What to do instead of punishing?
Focus on structure rather than control; count successes rather than mishaps.
These work at home or in a classroom:
- Approach your child at their current developmental and emotional level, rather than the one you want them to be at or the one you think they should be it. People can’t skip developmental stages. You can’t force someone to become more mature. You’re teaching skills and skills are cumulative and people need to master one skill before mastering the next. Think capacity before capability. It doesn’t take a brain surgeon to come to school with supplies, but at times in kids’ lives it may be overwhelming. Be clear about family rules and about what happens when rules are broken (think cause-and-effect, rather than punishment), but don’t pile them on. Ten rules is plenty for someone in high school.
- Create rules or expectations to guide happier family/classroom interactions, not to control behavior. You haven’t been able to control your kids’ behavior since they turned 1, as far as I can tell. Kids just happen to be terrified of disappointing their parents and when you get super mad they get scared and they behave so they can please you. That’s blind obedience. There’s no thinking involved, no learning, no choice; there’s just fear. When your purpose is to create better family relationships, kids can tell. Sample rule: Cleaning up after yourself is a courtesy to others. *That also means that you’ll drop whatever rules are just there to make your life easier but they don’t bring the family closer together. Example: Why can’t they wear mismatched clothes? Does it really matter? *Further, it’s important that your child be able to “redeem him/herself” with another behavior. “If you do what I asked you to do in the next 15 minutes, you don’t have to stay home tonight,” for example.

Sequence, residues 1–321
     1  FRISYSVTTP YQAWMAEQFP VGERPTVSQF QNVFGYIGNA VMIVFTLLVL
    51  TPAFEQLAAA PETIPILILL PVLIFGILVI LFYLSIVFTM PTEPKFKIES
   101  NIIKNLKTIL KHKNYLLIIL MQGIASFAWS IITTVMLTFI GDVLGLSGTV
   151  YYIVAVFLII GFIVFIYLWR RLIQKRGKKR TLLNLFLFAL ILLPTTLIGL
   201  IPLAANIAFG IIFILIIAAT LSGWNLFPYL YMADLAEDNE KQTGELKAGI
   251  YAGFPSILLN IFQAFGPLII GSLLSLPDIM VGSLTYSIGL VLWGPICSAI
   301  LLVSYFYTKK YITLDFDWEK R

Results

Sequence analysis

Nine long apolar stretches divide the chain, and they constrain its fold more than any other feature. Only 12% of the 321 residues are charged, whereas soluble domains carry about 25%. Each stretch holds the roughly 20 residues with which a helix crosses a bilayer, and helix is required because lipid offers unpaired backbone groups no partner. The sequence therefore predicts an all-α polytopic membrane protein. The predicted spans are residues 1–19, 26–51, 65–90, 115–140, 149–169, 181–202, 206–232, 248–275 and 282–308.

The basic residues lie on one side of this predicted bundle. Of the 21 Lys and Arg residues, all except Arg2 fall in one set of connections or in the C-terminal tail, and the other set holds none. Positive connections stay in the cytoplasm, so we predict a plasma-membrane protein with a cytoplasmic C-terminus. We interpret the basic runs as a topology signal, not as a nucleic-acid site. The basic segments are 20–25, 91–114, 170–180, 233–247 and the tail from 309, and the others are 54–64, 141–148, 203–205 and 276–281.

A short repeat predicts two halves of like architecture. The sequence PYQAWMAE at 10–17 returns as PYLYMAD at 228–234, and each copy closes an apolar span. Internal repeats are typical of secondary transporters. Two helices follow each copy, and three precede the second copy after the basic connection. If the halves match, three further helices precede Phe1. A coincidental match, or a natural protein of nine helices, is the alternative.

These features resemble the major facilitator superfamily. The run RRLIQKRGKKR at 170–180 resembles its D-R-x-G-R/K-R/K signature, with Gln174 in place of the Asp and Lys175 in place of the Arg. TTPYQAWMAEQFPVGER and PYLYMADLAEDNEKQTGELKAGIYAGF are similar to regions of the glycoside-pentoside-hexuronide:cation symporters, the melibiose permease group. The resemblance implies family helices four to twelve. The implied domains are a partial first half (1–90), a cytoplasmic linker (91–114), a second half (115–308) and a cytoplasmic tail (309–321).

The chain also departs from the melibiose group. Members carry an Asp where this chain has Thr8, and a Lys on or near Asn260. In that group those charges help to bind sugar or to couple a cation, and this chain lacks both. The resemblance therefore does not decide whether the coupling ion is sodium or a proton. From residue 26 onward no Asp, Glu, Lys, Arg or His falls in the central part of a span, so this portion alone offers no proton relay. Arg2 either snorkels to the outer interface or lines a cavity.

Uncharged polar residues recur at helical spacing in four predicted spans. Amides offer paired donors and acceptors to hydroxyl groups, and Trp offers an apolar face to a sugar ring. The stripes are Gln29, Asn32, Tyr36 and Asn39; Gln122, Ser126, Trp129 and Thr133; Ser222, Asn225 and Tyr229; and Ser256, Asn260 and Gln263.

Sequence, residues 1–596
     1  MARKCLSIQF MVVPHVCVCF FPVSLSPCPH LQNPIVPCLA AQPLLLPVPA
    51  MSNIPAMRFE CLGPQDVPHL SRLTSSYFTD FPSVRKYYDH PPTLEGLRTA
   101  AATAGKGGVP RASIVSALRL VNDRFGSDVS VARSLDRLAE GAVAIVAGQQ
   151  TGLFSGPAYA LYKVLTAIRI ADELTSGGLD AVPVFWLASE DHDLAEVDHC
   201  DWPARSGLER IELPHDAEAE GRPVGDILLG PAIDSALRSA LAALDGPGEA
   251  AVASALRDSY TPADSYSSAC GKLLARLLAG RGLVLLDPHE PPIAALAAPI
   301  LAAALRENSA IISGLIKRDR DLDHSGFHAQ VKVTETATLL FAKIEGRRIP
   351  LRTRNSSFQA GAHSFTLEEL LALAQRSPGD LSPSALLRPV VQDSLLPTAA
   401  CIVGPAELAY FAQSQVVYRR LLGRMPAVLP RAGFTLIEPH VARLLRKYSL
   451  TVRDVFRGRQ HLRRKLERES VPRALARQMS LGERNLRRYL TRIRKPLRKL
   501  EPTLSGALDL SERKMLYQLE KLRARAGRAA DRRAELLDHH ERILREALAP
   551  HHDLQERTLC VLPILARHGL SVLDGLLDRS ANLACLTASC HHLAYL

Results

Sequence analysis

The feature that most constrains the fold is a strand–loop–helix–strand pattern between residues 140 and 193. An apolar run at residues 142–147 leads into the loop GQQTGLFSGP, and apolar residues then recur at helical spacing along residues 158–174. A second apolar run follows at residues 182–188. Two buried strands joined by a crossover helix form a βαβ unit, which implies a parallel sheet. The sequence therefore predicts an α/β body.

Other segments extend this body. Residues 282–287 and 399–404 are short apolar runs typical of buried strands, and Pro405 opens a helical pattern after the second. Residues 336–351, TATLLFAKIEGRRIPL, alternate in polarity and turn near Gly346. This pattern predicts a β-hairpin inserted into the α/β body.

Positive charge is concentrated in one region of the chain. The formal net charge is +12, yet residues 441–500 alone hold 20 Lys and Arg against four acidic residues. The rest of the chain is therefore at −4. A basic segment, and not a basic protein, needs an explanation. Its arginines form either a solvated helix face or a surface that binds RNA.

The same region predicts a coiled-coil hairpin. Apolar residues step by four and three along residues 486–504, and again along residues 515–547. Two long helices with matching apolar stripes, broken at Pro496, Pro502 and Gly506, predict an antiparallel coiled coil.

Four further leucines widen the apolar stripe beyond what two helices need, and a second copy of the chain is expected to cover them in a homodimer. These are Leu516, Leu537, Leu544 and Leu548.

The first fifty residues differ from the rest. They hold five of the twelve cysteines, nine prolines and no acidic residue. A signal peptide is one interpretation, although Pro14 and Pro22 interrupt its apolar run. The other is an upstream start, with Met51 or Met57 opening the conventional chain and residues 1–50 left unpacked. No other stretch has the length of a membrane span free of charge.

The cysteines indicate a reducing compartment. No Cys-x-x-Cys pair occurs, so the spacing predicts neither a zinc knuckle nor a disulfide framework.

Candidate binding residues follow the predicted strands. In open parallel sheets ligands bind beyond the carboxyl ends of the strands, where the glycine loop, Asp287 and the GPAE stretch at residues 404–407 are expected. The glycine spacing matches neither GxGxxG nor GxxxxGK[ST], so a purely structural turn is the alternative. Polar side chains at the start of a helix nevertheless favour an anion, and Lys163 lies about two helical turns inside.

- Think of yourself as your child’s trainer, coach, or executive assistant. The trainer doesn’t do the workouts for their client but a trainer will teach the client the proper skills to accomplish the tasks. A coach isn’t out on the field making the plays but he or she is right there encouraging. An executive assistant doesn’t run the corporation but he or she helps the CEO with many of the Executive Functions, like planning, keeping a calendar, setting reminders, keeping the coffee pot going 🙂 You don’t do the work for the child or teen, but you come alongside your child so that he or she can do the work themselves. Create opportunities for success. That’s what trainers and coaches and executive assistants do.
- Stop using the word “punishment” and stop trying to control behavior. You want buy-in, not fear and anger
- Create opportunities for children to be successful. Build success upon success. Acknowledge all successes.
- Teach your child the skills they need to organize their time and get work done in a timely manner. This will probably take years, just so you know.
- Be supportive and encouraging. Come alongside your child. Create a structure of expectations that are appropriate to their current capacity.
- Don’t take things personally. They’re not “ADHDing at you” – they’re confused too. If they forget a task, give them one opportunity to redeem themselves before giving them the agreed-upon consequence.
Copyright 2017 Yafa Luria/Margit Crane All Rights Reserved